If commercially successful, SMRs would significantly expand the options for nuclear power and its applications. Their small size makes them suitable to small electric grids so they are a good option for locations that cannot accommodate large-scale plants. The modular construction process would make them more affordable by reducing capital costs and construction times.

Their size would also increase flexibility for utilities since they could add units as demand changes, or use them for on-site replacement of aging fossil fuel plants. Some of the designs for SMRs use little or no water for cooling, which would reduce their environmental impact. Finally, some advanced concepts could potentially burn used fuel or nuclear waste, eliminating the plutonium that critics say could be used for nuclear weapons.
To achieve this potential, we are bringing together some of our nation's brightest minds to work under one roof in a new research center called the Nuclear Energy Modeling and Simulation Hub.

Update The Consortium for Advanced Simulation of Light Water Reactors (CASL), the Energy Innovation Hub specific to Nuclear Energy, has been formed, with Dr. Douglas B. Kothe as Director. The Core partners are Oak Ridge National Lab (ORNL), Electric Power Research Institute (EPRI), Idaho National Lab (INL), Los Alamos National Lab (LANL), Massachusetts Institute of Technology (MIT), North Carolina State University (NCSU), Sandia National Labs, Tennessee Valley Authority (TVA), University of Michigan, and Westinghouse Electric Company.

The operational structure and mission statement of CASL explicitly incorporates the vision Prof. Chu has articulated, for example, of 'Bell Labs-like institutions which are mission-driven but solve fundamental problems as well'. See here.

In CASL Director Dr. Kothe's words, (CASL):

• Focuses on a single topic, with work spanning the gamut, from basic research through engineering development to partnering with industry in commercialization
• (creates) Large, highly integrated and collaborative creative teams working to solve priority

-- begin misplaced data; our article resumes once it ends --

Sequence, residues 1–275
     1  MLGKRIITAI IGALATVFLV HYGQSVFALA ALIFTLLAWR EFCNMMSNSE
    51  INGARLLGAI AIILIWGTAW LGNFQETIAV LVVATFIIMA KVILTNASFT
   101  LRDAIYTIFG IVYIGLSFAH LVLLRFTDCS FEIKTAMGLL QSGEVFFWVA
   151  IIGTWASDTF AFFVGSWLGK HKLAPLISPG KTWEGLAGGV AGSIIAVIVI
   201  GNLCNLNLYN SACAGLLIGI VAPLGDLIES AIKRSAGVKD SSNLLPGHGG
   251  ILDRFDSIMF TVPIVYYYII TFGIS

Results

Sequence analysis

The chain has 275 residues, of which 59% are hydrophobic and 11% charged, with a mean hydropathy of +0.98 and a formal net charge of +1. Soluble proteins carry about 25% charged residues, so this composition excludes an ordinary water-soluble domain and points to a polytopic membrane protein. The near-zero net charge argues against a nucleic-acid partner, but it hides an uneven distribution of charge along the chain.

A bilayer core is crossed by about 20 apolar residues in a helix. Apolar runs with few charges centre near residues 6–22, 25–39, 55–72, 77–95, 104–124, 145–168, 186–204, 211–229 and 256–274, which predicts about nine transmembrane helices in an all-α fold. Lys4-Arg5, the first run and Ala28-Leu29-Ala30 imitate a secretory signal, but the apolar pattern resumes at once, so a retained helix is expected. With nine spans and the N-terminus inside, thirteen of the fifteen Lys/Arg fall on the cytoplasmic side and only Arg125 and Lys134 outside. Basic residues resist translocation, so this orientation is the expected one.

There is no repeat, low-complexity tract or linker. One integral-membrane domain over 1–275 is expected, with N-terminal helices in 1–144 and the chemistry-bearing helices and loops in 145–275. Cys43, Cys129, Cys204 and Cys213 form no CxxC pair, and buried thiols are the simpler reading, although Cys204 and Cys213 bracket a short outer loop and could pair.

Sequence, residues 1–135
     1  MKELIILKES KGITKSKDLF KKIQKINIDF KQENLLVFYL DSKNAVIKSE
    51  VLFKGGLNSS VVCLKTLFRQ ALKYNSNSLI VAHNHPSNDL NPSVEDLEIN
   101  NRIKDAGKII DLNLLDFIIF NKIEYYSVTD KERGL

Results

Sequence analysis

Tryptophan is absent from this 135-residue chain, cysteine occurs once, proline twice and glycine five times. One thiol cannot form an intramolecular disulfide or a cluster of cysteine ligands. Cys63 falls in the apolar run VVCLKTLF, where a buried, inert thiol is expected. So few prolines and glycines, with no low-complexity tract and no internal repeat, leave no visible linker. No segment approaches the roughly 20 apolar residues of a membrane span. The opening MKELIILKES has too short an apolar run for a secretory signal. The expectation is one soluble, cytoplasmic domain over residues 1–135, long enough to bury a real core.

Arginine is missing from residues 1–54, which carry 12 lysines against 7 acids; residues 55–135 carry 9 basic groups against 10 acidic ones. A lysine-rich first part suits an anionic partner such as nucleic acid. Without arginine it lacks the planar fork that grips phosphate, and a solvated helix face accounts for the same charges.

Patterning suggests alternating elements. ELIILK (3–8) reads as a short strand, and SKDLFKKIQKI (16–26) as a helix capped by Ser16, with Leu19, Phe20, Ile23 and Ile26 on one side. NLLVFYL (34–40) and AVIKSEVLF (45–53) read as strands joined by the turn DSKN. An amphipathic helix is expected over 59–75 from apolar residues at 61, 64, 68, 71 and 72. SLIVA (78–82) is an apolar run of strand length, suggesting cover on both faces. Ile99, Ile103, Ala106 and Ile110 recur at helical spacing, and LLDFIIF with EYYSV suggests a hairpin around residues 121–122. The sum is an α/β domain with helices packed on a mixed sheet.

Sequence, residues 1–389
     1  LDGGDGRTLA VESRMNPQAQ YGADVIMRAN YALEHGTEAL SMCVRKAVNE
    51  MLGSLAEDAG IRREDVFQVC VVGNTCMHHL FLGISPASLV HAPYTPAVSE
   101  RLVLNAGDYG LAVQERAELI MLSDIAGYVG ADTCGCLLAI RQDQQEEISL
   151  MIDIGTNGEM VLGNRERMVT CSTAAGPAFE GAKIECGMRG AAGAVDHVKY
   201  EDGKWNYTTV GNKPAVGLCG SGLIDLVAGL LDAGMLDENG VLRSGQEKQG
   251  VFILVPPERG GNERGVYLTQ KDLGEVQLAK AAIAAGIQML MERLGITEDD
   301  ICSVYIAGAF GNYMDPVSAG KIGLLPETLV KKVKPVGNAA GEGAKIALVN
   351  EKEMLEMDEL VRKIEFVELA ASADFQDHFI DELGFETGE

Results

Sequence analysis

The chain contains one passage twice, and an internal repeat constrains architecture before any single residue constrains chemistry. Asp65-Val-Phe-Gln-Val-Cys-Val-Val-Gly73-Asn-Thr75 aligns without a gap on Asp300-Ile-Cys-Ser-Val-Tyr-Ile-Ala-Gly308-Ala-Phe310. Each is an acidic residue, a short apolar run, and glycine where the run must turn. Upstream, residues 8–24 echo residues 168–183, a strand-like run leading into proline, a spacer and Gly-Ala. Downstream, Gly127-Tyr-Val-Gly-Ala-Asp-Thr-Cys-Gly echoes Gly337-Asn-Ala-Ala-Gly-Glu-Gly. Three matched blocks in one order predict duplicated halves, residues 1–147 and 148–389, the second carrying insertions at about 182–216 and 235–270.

technology challenges
• Embraces both the goals of understanding and use, without erecting barriers between
basic and applied research
(emphasis added).

A second Energy Innovation Hub also announced is the Joint Center for Artificial Photosynthesis (JCAP), a partnership between Caltech and Lawrence Berkeley Laboratory:

JCAP research will be directed at the discovery of the functional components necessary to assemble a complete artificial photosynthetic system: light absorbers, catalysts, molecular linkers, and separation membranes. The Hub will then integrate those components into an operational solar fuel system and develop scale-up strategies to move from the laboratory toward commercial viability. The ultimate objective is to drive the field of solar fuels from fundamental research, where it has resided for decades, into applied research and technology development, thereby setting the stage for the creation of a direct solar fuels industry.

Saturday, March 13, 2010

CNSC Presentations at NRC-RIC 2010

Two senior officials of the Canadian Nuclear Safety Commission (CNSC) made presentations at the US Nuclear Regulatory Commission Regulatory Information Conference 2010 (NRC-RIC 2010) last week. The President of the CNSC, Dr. Michael Binder, spoke at NRC-RIC-2010 on A Canadian Regulator's Perspective on International Cooperation. He noted that there were now 48 CANDU-type power reactors in 7 different countries (plus 3 reactors under construction - 1 in Argentina and 2 in India). Emphasizing that national regulators have responsibilities toward customer countries, which he considered an international extension of Canada's safety mandate, he outlined the three phases of Canada's current engagement with the regulatory mechanism in a customer country: (i) With the national regulating agency in the buyer country (ii) On-site, at the end-use location of Canadian-origin technology (e.g. at the site of a CANDU reactor). (iii) Training of regulators as well as interactions at the university level. As the Nuclear Renaissance unfolds, he also indicated that the pattern of Canadian inernational regulatory engagement might move beyond bilateral engagements and evolve to encompass more multilateral mechanisms such as the Multinational Design Evaluation Program (MDEP), with greater harmonization of codes and standards and perhaps including a code of conduct for vendors of nuclear technology.